The other day, I had to wait 50 minutes on the phone to get connected and speak with a representative. If someone tells me to wait, I know I have to equip myself with patience.
Technology has made worldwide exchange of information fast and efficient. We get to distant places faster, and we receive the latest news in a blink of an eye. Meanwhile, it’s no surprise that we have come to expect everything to be available on demand.
What about prayer? Do we feel we get God’s immediate attention when we pray? Well, it’s complicated since there is no such thing as button-pushing in the realm of prayer. It’s not like: prayers go out, God’s answers come in. We have to wait for His input and that puts us in the waiting room until we hear back from the Lord.
On one occasion I was looking for a professional change, but it just wasn’t happening. My husband and I kept praying for the issue. Then, one night I had a dream. I dreamed I was sitting in a car at a stoplight waiting for the light to change. When I awoke it felt as if the Lord was saying: “Hang in there! Traffic light will change and you will be able to move on.”
It wasn’t long after my dream that circumstances began to change. One of my job applications was accepted and I was hired on the spot – a perfect example of an open door in God’s own good time.
Waiting on the Lord is an expression of trust. It is an opportunity to hit the brakes and grow in our faith. On this note Prophet Isaiah wrote (Isaiah 64:4):
“Since ancient times no one has heard, no ear has perceived, no eye has seen any God besides you, who acts on behalf of those who wait for him.”
I remember situations where we simply had to wait things out for the sake of clarity. And we did see more clearly after the dust had settled and we took more time to think about the problem. Some decisions should not be processed overnight and we will find that the pressure is off once we stop pushing the issue. Submitting to the Lord we give Him control. For the sake of our peace of mind, that’s the thing to do. It will all work out and things will fall into place when we know how to wait on the Lord.
Nobody is born patient. Patience is best expressed in the ability to wait. For that, we all have to grow up. Imagine telling a crying baby to wait – food is just around the corner. A baby doesn’t understand. A baby wants food now! Whining on the freeway when there is an hour’s delay, we are all behaving like babies.
It takes strength to wait.
It sometimes takes guts to wait.
And at all times hope will help us out.
In fact, I don’t believe patience is possible without hope. We lose hope, we usually also lose our patience. The trick is not to nourish false hope. If we’re betting on the wrong horse, chances are, we’re going to be sorely disappointed. I believe one of the things the psalmist is getting at is not to wait for any old thing – but wait for the Lord.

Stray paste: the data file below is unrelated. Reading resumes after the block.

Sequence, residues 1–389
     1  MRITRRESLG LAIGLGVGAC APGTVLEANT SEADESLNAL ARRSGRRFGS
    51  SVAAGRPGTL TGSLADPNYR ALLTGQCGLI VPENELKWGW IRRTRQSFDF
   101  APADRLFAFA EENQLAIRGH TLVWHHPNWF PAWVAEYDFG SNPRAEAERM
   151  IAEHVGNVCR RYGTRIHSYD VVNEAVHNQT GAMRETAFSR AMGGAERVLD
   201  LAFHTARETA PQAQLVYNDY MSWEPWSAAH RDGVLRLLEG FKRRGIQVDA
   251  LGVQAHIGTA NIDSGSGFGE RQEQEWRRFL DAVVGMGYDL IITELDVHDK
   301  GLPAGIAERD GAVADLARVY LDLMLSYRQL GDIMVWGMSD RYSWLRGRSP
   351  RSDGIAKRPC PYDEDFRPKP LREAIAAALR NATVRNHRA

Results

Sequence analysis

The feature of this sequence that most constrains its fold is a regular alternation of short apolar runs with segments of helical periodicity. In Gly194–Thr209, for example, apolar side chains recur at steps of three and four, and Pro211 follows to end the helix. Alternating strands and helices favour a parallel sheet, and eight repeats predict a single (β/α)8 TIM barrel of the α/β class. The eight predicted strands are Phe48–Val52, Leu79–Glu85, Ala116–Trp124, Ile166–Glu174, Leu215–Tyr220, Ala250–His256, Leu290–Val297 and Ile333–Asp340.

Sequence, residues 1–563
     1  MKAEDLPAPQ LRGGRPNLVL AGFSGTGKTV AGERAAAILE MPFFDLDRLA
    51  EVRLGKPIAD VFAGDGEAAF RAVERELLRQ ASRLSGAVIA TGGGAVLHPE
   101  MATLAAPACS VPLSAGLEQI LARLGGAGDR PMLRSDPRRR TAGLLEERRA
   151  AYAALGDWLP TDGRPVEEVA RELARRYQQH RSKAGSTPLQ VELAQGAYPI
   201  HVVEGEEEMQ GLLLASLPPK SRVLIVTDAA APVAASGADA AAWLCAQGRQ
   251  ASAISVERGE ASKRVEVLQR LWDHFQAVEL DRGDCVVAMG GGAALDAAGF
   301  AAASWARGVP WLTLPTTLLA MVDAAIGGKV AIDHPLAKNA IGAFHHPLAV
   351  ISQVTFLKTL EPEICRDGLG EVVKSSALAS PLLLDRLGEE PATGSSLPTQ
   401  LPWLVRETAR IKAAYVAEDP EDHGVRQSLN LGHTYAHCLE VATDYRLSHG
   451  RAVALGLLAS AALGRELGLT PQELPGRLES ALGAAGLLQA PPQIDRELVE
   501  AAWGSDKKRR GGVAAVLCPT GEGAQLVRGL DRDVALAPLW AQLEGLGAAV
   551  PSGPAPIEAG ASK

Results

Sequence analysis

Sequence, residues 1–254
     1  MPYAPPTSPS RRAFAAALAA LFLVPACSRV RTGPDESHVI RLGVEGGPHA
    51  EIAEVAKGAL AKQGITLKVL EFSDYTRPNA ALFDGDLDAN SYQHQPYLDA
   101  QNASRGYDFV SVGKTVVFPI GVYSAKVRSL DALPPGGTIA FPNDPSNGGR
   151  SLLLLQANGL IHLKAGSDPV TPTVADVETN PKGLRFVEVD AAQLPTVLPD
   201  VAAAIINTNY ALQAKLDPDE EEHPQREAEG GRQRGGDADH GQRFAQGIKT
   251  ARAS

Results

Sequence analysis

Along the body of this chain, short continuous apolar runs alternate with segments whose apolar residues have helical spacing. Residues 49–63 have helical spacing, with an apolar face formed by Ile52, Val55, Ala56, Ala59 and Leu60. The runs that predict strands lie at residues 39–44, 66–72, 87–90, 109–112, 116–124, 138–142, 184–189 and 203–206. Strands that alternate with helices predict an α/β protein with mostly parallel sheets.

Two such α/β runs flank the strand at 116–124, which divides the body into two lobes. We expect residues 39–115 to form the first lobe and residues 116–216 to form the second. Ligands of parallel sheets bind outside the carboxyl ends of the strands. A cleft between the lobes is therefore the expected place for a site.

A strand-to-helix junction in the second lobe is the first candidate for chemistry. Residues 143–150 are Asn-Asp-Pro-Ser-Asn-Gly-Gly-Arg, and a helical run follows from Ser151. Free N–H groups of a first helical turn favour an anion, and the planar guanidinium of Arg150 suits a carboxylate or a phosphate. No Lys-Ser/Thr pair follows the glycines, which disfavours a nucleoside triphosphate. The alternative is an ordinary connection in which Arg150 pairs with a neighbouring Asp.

I’m a pusher by nature. I work hard, want to get things done and thrive on accomplishments without dwelling too much on them because I’m already pursuing the next project. I may exhibit patience at work because I love to work. I’m into details. I’m thorough. So I may fool some people into thinking I have all the patience in the world. – Well, no, not really! I’m only patient with the things that I like to do. I have little to no patience with the things I hate doing, such as repairing my bike for instance. I leave that to my husband.
Does that make me an impatient person? Maybe! Or maybe we are all impatient at the core and we all have to choose to be patient.
Honestly, I think that patience can’t be learned, it has to be chosen every waking moment. I choose to be patient, because I know better. I choose to wait on the Lord because I know He will come through for me.
Choosing the Lord, we choose life. Choosing the Lord, we choose to wait on Him. Remember, we are not choosing our circumstances, but we can always choose the Lord.
We have a family member whose name is Patience, and I often thought if that was my name, I would have a hard time living up to it. In general, I am not good at “hanging in there”. Sometimes I make rash decisions just to keep things going. We can probably all relate – more or less, depending on our patience meter.
Waiting on the Lord, Isaiah must have gone through similar frustrations. In his book he wrote (Isaiah 64:1):
“Oh, that you would rend the heavens and come down, that the mountains would tremble before you!”
In other words: “Please, God, do something, will you?”
God does not run on a human time schedule. Heaven and Earth cannot contain Him – and this also means He is not subject to Earth time. So why are we surprised when God does not show up on our watch? It is in His nature to show up unexpectedly.
In many ways our relationship with God reminds me of a human love relationship. Despite the intimacy level we may reach, there is always a certain degree of mystery involved. Nobody is completely predictable. Why? God made us; I would say that some of His mystery must have rubbed off on us.
There is no way that our finite minds can even begin to grasp our infinite God, and yet there is one thing we can always default to when nothing else seems to make sense: God is good. It is important to keep this in mind as we wait for Him.
Remember that God acts on our behalf. In His own good time He will come through for us. Believing in Him makes the time we spend waiting all the more sweeter.